Lotus of the Heart > Path of Spirit > the lessening of self in Silence

 
 

Decrease & Increase & Joy

transformations along the Way

Jun 10, 2019

Saying For Today: The self needs to see its limitation and place in relation to Presence through the Grace, so graciousness, of Presence. Then, one can be gladdened to recognize its own limitations and, correspondingly, feel the desire to be in right relation to the Light. So, humbleness, when rightly experienced, is a joy and leads to joy.


The LIght Celebrates (no. 1)

*Brian Wilcox. 'The Light Celebrates (no. 1)'. Flickr

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He must increase, but I must decrease.

*Gospel of John 3.30 KJV

Early Quakers felt the life arise within them very slowly at first, and each had to pay very careful committed attention to the little stirring within. Our worldly, or earthly, selves will try to re-assert their commentary and explanations of our inner world, but the advice is to resist this easy way out, and to stay very low within, very humble, and wait for the faint stirrings of the divine life to appear.

*David Johnson. A Quaker Prayer Life.

* * *

let the Silence rise
by sinking down low

for

'He must increase
I must decrease'

for

in the low
is the high

and

in the high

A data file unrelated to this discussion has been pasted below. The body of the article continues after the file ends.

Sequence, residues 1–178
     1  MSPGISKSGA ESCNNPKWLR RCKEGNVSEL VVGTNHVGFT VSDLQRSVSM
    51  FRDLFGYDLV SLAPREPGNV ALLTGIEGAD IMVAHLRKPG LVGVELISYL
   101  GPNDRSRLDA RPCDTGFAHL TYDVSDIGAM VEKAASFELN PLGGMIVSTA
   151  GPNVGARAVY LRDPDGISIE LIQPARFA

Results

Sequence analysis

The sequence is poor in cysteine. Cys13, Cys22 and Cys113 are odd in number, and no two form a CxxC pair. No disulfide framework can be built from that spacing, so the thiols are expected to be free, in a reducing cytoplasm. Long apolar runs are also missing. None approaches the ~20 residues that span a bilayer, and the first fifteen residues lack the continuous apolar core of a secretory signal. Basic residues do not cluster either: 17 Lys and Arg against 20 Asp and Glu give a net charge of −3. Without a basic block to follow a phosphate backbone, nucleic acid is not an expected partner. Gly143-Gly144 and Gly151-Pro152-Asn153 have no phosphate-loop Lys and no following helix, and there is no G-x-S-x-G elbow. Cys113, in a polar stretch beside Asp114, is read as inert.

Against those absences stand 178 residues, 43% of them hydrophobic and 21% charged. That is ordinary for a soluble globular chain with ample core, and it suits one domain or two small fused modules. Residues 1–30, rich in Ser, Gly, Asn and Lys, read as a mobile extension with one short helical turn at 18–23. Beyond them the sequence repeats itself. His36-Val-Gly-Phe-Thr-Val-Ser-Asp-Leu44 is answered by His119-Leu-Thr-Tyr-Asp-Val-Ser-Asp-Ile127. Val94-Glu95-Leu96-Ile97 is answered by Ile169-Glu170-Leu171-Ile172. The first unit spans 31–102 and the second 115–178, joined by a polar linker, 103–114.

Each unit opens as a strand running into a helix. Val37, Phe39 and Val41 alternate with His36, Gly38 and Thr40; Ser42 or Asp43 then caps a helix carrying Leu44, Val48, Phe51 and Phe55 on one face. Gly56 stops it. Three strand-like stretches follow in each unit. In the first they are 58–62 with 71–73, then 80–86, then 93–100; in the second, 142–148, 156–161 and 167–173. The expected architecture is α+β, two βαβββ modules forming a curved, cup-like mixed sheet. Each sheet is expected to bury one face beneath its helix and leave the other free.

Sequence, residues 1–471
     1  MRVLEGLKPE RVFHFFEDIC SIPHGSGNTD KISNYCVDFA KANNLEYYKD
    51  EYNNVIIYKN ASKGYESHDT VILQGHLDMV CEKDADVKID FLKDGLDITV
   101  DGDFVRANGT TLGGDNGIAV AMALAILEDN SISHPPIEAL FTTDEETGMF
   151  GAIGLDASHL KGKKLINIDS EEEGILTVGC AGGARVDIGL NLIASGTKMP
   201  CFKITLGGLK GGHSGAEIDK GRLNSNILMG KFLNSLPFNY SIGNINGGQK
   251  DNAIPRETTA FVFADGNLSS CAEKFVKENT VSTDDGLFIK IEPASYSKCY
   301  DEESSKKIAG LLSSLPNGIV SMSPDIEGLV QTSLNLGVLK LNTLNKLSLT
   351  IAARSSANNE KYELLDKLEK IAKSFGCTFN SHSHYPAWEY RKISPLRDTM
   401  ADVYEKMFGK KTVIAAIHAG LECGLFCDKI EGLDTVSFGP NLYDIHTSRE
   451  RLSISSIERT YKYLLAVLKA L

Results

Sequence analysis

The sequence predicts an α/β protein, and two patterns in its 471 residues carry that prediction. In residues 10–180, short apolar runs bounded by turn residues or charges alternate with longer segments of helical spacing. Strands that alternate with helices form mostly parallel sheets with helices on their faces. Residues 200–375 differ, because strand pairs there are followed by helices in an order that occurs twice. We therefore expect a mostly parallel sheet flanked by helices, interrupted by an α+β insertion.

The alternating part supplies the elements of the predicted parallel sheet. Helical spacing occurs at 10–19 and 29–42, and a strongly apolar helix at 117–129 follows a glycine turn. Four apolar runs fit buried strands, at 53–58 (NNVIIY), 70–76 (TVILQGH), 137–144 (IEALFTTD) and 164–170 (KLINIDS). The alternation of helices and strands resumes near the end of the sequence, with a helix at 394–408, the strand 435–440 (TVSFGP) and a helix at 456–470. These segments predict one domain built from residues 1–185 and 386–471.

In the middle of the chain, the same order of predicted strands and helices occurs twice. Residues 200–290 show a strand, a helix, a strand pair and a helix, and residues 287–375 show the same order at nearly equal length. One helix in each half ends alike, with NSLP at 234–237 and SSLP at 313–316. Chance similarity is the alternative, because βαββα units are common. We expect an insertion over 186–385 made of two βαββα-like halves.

is the low

mutual motions
giving and receiving
surrender with surrender

the fruition
Love and all Her children

coming from the high into the low
the increase into the decrease

for edification and celebration
enjoyment of Union with Life

Oh! what blissful communion!
we, creations of Life, with Life

* * *

Each time we enter silence, to be with Silence, we experience a little death, meaning the decrease of self. As Silence takes us more into Itself, Silence and Its fruition come to the fore, increasing, with a corresponding lessening of self. In this decrease of self, increasing with the corresponding depths of Silence taking the self into Itself, the center shifts from self to Presence. This is so that outside these times set aside for silent waiting in Presence, life becomes more centered in Presence, That universal, rather than that a localization of Presence, the self.